This study shows a change in organism prevalence and susceptibility profiles, along with changes in specimen type numbers over the 2 years, with the escalation in empirical antibiotic therapy from piperacillin-tazobactam to imipenem-amikacin combination therapy. These findings emphasise the value of cumulative antibiograms in guiding empirical antimicrobial choice, and underline their importance in preventing antimicrobial resistance.

Declaration. This manuscript was submitted in partial fulfilment of an MMed (Microbiology).

Acknowledgements. The authors thank Mr Naseem Cassim for his help with data de-duplication and statistical analysis.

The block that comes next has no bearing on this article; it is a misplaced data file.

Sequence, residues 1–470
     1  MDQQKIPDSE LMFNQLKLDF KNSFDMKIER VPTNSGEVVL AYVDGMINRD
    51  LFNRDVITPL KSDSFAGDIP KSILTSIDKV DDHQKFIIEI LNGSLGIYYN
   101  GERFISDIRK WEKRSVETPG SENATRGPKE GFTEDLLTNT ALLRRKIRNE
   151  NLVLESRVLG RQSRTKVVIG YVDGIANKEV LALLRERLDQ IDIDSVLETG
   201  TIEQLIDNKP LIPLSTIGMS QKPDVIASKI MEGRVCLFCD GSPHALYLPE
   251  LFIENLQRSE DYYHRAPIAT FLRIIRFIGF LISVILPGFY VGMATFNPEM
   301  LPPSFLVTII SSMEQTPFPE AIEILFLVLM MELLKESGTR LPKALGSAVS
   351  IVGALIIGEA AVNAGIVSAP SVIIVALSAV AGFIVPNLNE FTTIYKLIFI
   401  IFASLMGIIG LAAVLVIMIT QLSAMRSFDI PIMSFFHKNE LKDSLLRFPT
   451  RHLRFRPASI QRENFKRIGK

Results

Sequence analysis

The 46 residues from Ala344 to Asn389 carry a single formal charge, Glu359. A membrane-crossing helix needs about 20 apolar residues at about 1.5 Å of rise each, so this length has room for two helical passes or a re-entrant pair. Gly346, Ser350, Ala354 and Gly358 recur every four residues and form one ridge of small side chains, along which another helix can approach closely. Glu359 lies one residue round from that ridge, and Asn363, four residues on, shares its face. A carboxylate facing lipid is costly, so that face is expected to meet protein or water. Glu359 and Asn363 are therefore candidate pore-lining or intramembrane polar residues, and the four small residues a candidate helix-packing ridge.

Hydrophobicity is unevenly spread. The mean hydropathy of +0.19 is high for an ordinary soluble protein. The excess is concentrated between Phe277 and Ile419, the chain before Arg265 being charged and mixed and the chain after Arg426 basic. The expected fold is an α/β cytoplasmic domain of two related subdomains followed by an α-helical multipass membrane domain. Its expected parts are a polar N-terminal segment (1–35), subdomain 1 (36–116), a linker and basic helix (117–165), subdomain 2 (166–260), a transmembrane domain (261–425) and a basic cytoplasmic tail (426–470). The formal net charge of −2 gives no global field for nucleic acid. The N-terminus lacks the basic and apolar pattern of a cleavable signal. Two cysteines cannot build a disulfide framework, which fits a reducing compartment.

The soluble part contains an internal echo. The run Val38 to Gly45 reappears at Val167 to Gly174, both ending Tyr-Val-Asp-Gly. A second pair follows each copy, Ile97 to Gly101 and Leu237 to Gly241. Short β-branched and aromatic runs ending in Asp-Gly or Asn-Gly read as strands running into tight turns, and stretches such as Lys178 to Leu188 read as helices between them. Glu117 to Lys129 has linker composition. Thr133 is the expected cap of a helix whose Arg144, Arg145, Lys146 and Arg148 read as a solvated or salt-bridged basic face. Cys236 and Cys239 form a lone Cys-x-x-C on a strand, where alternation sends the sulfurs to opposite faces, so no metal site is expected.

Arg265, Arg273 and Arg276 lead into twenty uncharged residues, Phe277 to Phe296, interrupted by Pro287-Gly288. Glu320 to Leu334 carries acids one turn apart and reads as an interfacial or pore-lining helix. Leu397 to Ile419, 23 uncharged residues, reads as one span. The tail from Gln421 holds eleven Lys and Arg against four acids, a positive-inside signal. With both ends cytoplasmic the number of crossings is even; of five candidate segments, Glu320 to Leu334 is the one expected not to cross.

Author contributions. SSR: contributed to study design, performed data analysis; write-up of manuscript. MSM: contributed to study design; participated in manuscript revisions. TT: conceptualisation of study; contributed to study design; critically reviewed data interpretation and scientific content of paper; approved final version for publication.

Funding. None.

Conflicts of interest. None.



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S Savage-Reid

Accepted 2 July 2020



Contribution of the study. Current literature on the effects of antibiogram-guided empirical antibiotics is scarce within the South African context. This study shows how antibiograms are an effective antimicrobial stewardship strategy to reduce antimicrobial resistance rates by guiding appropriate choice of empirical antibiotics.